assert(decodeXML("&#   ;") == "&#   ;");

{
    import std.algorithm.comparison : equal;
    auto range = asDecodedXML("hello world &amp;&gt;&lt;&apos;&quot; " ~
                              "\r\r\r\r\r foo");
    assert(equal(range, `hello world &><'"  foo`));
}

{
    import dxml.parser;
    auto xml = "<root>\n" ~
               "    <function return='vector&lt;int&gt;' name='foo'>\r\n" ~
               "        <doc_comment>This function does something really\r\n" ~
               "                 fancy, and you will love it.</doc_comment>\r\n" ~
               "        <param type='int' name='i'>\r\n" ~
               "        <param type='const std::string&amp;' name='s'>\r\n" ~
               "    </function>\n" ~
               "</root>";
    auto range = parseXML!simpleXML(xml);
    range.popFront();
    assert(range.front.type == EntityType.elementStart);
    assert(range.front.name == "function");
    {
        auto attrs = range.front.attributes;
        assert(attrs.front.name == "return");
        assert(attrs.front.value == "vector&lt;int&gt;");
        assert(decodeXML(attrs.front.value) == "vector<int>");
        attrs.popFront();
        assert(attrs.front.name == "name");
        assert(attrs.front.value == "foo");
        assert(decodeXML(attrs.front.value) == "foo");
    }
    range.popFront();

    assert(range.front.type == EntityType.elementStart);
    assert(range.front.name == "doc_comment");
    range.popFront();

    assert(range.front.text ==
           "This function does something really\r\n" ~
           "                 fancy, and you will love it.");
    assert(decodeXML(range.front.text) ==
           "This function does something really\n" ~
           "                 fancy, and you will love it.");
    range.popFront();

    assert(range.front.type == EntityType.elementEnd);
    assert(range.front.name == "doc_comment");
    range.popFront();

    assert(range.front.type == EntityType.elementStart);
    assert(range.front.name == "param");
    {
        auto attrs = range.front.attributes;
        assert(attrs.front.name == "type");
        assert(attrs.front.value == "int");
        assert(decodeXML(attrs.front.value) == "int");
        attrs.popFront();
        assert(attrs.front.name == "name");
        assert(attrs.front.value == "i");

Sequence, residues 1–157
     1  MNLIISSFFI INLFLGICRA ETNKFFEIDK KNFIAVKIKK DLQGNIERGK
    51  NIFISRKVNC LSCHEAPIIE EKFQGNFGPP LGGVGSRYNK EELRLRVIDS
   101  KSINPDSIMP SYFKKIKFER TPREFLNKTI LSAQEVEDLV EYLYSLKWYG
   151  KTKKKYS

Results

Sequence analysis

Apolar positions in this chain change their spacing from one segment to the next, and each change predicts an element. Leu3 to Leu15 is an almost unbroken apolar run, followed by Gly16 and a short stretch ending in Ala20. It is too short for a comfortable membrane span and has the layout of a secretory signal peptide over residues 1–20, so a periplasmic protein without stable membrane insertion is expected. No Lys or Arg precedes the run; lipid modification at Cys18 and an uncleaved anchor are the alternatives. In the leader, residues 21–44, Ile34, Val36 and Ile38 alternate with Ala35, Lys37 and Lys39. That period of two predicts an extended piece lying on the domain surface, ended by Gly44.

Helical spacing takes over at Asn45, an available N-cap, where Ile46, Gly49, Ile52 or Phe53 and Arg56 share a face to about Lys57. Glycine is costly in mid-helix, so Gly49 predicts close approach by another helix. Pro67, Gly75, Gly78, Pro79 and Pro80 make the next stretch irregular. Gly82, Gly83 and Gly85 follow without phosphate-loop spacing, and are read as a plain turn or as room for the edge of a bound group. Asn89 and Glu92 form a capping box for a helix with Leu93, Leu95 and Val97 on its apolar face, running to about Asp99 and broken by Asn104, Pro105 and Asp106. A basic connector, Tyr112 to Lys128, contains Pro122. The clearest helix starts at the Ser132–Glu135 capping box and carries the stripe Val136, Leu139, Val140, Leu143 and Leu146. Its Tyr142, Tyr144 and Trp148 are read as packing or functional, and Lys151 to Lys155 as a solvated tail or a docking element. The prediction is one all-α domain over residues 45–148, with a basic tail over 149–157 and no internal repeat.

assert(decodeXML(attrs.front.value) == "i");
    }
    range.popFront();

    assert(range.front.type == EntityType.elementStart);
    assert(range.front.name == "param");
    {
        auto attrs = range.front.attributes;
        assert(attrs.front.name == "type");
        assert(attrs.front.value == "const std::string&amp;");
        assert(decodeXML(attrs.front.value) == "const std::string&");
        attrs.popFront();
        assert(attrs.front.name == "name");
        assert(attrs.front.value == "s");
        assert(decodeXML(attrs.front.value) == "s");
    }
}
deprecated alias normalize = decodeXML(R)(R range) if (isForwardRange!R && isSomeChar!(ElementType!R));
deprecated alias asNormalized = asDecodedXML(R)(R range) if (isForwardRange!R && isSomeChar!(ElementType!R));

Deprecated

normalize has been renamed to decodeXML, and asNormalized has been renamed to asDecodedXML. It was pointed out that there's a fairly high chance that std.uni.normalize would be used in conjunction with dxml, making conflicts annoyingly likely. Also, there was no good opposite for normalize for the functions that became encodeAttr and encodeText. denormalizeAttr and denormalizeText would arguably have been a bit ugly.
These aliases have been added to avoid code breakage when upgrading from dxml 0.2.*. They will be removed in dxml 0.4.0.
Nullable!dchar parseStdEntityRef(R)(ref R range)
if(isForwardRange!R && isSomeChar!(ElementType!R));
This parses one of the five, predefined entity references mention in the XML spec from the front of a range of characters.
If the given range starts with one of the five, predefined entity references, then it is removed from the range, and the corresponding character is returned.
If the range does not start with one of those references, then the return value is null, and the range is unchanged.
Std Entity RefConverts To
&amp;&
&gt;>
&lt;<
&apos;'
&quot;"
Any other entity references would require processing a DTD section in order to be handled and are untouched by parseStdEntityRef as are any other types of references.
Parameters:
R range A range of characters.
Returns: The character represented by the predefined entity reference that was parsed from the front of the given range or null if the range did not start with one of the five predefined entity references.
Examples:
{
    auto range = "&amp;foo";
    assert(range.parseStdEntityRef() == '&');
    assert(range == "foo");
}
{
    auto range = "&gt;bar";
    assert(range.parseStdEntityRef() == '>');
    assert(range == "bar");
}
{
    auto range = "&lt;baz";
    assert(range.parseStdEntityRef() == '<');
    assert(range == "baz");
}
{
    auto range = "&apos;dlang";
    assert(range.parseStdEntityRef() == '\'');
    assert(range == "dlang");
}
{
    auto range = "&quot;rocks";
    assert(range.parseStdEntityRef() == '"');
    assert(range == "rocks");
}
{
    auto range = " &amp;foo";
    assert(range.parseStdEntityRef().isNull);
    assert(range == " &amp;foo");
}
{
    auto range = "&Amp;hello";